Bob DeVita has worked for the PVSC for more than 30 years, and managed the skimmer boat program since it began in 1998. In an average year, said DeVita, his fleet removes about 200 tons of “floatables” from the river. One year, the take topped 280 tons. “A lot of the weight is with the timber,” said DeVita. Riverside trees, chain-sawed logs, telephone poles and driftwood from old piers and railroad ties are common collectibles. The biggest bobber his crews ever hauled in was a dilapidated barge that broke loose from its moorings in 2008. “This thing was monstrous,” said DeVita. “It was like eight tons. It had been out there for so long that the wood rotted and trees started growing into this thing. It looked like a floating island.” Skimmer crews encounter dead bodies from time to time. “One guy had a bullet in his head,” said DeVita. “We don’t pick them up. We just call the cops.” But in terms of sheer volume, the biggest haul by far is plastics – plastic bottles, plastic takeout containers, plastic packaging. Plastic, plastic everywhere. “I stopped drinking my little Poland Spring,” said DeVita. “I don’t use plastic bottles anymore.”
When I asked DeVita what went wrong for the Nereid Boat Club’s ‘07 regatta – the boat club was forced to cancel the race because there was so much garbage on the river – he pointed to an unfortunate confluence of events. First there was the weather. Storms help to flush debris down the Passaic, but the autumn of 2007 was bone dry. “From mid-August until October it never rained,” recalled De Vita. “I’ve never seen the river so covered with stuff.” The skimmer boats probably could have handled the excess, if they had been able to reach the Nereid. Unfortunately, both boats were effectively out of service that weekend.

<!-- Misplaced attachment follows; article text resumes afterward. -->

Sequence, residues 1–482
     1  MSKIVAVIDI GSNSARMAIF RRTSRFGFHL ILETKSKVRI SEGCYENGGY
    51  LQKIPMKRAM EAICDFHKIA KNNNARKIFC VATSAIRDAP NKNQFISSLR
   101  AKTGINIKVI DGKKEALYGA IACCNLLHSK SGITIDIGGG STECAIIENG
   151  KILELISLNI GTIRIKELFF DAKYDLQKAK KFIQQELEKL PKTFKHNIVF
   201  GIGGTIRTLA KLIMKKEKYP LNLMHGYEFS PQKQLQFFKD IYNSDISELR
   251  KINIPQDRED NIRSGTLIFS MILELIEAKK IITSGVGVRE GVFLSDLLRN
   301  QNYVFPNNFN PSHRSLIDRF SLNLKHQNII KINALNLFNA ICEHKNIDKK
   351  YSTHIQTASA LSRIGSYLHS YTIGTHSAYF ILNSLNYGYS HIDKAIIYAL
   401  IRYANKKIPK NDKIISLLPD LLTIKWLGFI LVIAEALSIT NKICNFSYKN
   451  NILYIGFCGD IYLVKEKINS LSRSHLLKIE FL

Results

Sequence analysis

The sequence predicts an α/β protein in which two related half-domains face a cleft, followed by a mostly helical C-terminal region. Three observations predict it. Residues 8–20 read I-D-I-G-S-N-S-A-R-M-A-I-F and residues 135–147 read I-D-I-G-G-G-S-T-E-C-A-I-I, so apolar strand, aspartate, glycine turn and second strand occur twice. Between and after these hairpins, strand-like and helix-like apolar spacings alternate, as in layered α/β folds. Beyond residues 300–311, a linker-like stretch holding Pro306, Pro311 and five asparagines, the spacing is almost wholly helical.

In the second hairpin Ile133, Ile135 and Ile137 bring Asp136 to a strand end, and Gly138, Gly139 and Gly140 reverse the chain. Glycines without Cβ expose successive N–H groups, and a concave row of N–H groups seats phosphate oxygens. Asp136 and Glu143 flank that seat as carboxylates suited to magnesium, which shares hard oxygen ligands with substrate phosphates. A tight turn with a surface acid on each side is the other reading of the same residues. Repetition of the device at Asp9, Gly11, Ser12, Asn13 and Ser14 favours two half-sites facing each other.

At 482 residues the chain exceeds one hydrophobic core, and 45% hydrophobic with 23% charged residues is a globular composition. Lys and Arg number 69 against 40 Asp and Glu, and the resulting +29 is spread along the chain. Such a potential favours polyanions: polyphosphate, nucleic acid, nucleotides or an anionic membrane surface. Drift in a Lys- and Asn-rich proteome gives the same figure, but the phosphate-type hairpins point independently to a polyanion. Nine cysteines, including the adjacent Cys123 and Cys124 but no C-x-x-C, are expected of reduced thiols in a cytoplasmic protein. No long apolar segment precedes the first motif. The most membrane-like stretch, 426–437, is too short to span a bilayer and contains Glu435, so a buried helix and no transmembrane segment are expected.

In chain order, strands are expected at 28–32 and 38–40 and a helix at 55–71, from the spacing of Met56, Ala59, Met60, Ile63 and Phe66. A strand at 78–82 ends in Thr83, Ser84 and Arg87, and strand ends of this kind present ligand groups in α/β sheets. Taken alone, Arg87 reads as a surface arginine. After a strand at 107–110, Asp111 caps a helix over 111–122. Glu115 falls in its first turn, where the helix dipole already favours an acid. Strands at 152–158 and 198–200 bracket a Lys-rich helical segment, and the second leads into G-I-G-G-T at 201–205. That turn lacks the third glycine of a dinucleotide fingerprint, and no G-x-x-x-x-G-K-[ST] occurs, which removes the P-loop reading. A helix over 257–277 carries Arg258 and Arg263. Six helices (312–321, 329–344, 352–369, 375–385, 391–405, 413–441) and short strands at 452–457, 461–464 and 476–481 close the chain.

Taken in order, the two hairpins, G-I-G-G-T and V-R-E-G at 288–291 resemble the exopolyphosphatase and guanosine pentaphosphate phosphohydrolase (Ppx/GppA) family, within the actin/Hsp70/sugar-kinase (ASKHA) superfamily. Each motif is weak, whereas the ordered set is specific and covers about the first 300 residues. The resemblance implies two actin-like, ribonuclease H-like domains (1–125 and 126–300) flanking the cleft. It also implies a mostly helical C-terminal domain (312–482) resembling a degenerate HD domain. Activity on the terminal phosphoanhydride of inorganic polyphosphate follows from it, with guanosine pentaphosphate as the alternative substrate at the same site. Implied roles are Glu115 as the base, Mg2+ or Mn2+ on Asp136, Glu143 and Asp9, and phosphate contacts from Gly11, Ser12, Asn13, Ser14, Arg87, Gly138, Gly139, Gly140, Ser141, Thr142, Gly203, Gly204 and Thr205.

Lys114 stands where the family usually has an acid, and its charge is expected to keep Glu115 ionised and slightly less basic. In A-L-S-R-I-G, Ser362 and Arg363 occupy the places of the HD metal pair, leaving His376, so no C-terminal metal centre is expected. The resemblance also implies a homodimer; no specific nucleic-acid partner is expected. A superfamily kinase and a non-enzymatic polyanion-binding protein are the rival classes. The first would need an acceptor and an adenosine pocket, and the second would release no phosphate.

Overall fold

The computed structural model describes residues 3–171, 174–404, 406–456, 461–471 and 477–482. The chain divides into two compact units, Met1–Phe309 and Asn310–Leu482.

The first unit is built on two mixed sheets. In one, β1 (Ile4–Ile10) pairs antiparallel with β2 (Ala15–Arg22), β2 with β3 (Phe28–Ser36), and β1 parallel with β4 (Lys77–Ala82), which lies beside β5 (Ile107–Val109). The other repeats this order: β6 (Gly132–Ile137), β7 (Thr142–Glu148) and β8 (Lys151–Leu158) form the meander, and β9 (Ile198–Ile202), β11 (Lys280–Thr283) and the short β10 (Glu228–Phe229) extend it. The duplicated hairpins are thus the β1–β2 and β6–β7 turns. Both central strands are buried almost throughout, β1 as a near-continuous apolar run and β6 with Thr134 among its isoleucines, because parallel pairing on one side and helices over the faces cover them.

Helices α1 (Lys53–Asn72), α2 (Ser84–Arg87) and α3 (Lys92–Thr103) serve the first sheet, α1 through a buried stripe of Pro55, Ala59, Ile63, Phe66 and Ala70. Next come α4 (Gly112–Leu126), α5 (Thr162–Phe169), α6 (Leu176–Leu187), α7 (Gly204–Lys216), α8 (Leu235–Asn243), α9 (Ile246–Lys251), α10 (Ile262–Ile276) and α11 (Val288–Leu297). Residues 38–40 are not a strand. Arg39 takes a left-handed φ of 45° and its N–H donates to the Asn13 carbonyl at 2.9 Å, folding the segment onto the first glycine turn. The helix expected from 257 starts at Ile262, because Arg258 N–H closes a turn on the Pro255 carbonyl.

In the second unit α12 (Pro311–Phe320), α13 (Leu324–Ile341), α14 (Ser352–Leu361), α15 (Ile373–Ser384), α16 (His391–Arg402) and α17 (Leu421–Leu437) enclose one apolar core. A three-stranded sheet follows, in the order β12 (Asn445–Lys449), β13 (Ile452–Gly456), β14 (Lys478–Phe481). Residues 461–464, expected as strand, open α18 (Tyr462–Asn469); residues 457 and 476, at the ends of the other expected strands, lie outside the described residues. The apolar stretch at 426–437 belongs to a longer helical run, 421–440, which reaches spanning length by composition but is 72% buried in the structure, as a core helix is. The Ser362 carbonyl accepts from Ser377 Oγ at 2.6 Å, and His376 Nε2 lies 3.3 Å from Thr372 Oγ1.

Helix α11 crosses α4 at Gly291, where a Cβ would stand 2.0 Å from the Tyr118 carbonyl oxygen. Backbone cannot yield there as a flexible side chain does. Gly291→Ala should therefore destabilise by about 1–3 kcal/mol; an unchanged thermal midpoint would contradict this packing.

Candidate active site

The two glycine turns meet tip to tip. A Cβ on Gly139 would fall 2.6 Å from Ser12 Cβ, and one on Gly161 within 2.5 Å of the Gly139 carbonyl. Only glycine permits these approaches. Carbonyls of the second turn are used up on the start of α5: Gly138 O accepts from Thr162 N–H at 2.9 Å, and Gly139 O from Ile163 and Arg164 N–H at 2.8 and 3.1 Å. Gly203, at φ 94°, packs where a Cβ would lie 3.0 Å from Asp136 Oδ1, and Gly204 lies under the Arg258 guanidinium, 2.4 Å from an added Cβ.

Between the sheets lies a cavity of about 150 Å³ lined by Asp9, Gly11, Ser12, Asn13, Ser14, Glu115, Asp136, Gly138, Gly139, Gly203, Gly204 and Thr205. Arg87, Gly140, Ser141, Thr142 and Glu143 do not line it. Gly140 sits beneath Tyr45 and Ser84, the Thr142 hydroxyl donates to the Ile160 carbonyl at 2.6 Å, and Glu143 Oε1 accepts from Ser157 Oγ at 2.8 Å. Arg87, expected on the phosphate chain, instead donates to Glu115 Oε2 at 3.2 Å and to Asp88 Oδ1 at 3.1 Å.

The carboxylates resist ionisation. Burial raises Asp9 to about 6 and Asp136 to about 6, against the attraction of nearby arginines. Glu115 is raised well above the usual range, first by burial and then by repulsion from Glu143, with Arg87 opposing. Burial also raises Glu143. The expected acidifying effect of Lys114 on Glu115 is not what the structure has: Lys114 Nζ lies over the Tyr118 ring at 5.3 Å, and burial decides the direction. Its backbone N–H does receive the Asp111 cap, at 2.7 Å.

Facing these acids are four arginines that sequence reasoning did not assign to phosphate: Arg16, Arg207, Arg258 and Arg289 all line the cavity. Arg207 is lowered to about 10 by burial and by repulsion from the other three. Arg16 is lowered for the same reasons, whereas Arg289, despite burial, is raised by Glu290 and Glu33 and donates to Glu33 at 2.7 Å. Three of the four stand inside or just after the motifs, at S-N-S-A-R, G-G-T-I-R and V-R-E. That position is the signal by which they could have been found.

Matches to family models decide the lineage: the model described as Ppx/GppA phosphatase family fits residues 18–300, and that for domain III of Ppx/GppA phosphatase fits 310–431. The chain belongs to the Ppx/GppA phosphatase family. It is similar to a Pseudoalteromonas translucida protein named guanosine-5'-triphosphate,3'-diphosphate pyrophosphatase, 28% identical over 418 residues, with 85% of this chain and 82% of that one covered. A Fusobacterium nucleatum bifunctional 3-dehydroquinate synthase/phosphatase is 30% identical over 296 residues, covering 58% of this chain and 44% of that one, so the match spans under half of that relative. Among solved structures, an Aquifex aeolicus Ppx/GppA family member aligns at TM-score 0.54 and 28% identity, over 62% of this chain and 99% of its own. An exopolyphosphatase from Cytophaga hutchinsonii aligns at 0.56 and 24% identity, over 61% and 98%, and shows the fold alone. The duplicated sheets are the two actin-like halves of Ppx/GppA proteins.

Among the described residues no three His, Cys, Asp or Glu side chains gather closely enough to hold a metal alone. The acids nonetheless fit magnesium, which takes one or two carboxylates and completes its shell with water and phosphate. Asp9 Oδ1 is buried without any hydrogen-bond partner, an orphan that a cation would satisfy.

The little skimmer was at the bottom of Newark’s Weequahic Lake, the victim of a pontoon puncture it suffered during an operation to clear the lake of aquatic plants. The big skimmer was operational, but to travel upriver from its berth in Newark to the Nereid the big boat needs the drawbridges along the way to be operational too. “To get to Rutherford I need to open four bridges, “ said DeVita. “If one’s down I’m out of business.” There were bridge problems that weekend. “I couldn’t get the big boat up there.”
Dry weather, broken bridges and one pierced pontoon all had a part in canceling the Nereid’s ’07 Head of the Passaic. But the real culprits were the hundreds, or thousands, or maybe even millions of people living along or near the Passaic River who just can’t seem to secure their garbage. In fact, said Bob DeVita, the one simple thing that every one of them, that every one of us could do to affect an immediate clean up of the Passaic River is “not litter.”
All excerpts from This American River: Paradise to Superfund, Afloat on New Jersey’s Passaic are the copyrighted property of the book’s author Mary Bruno.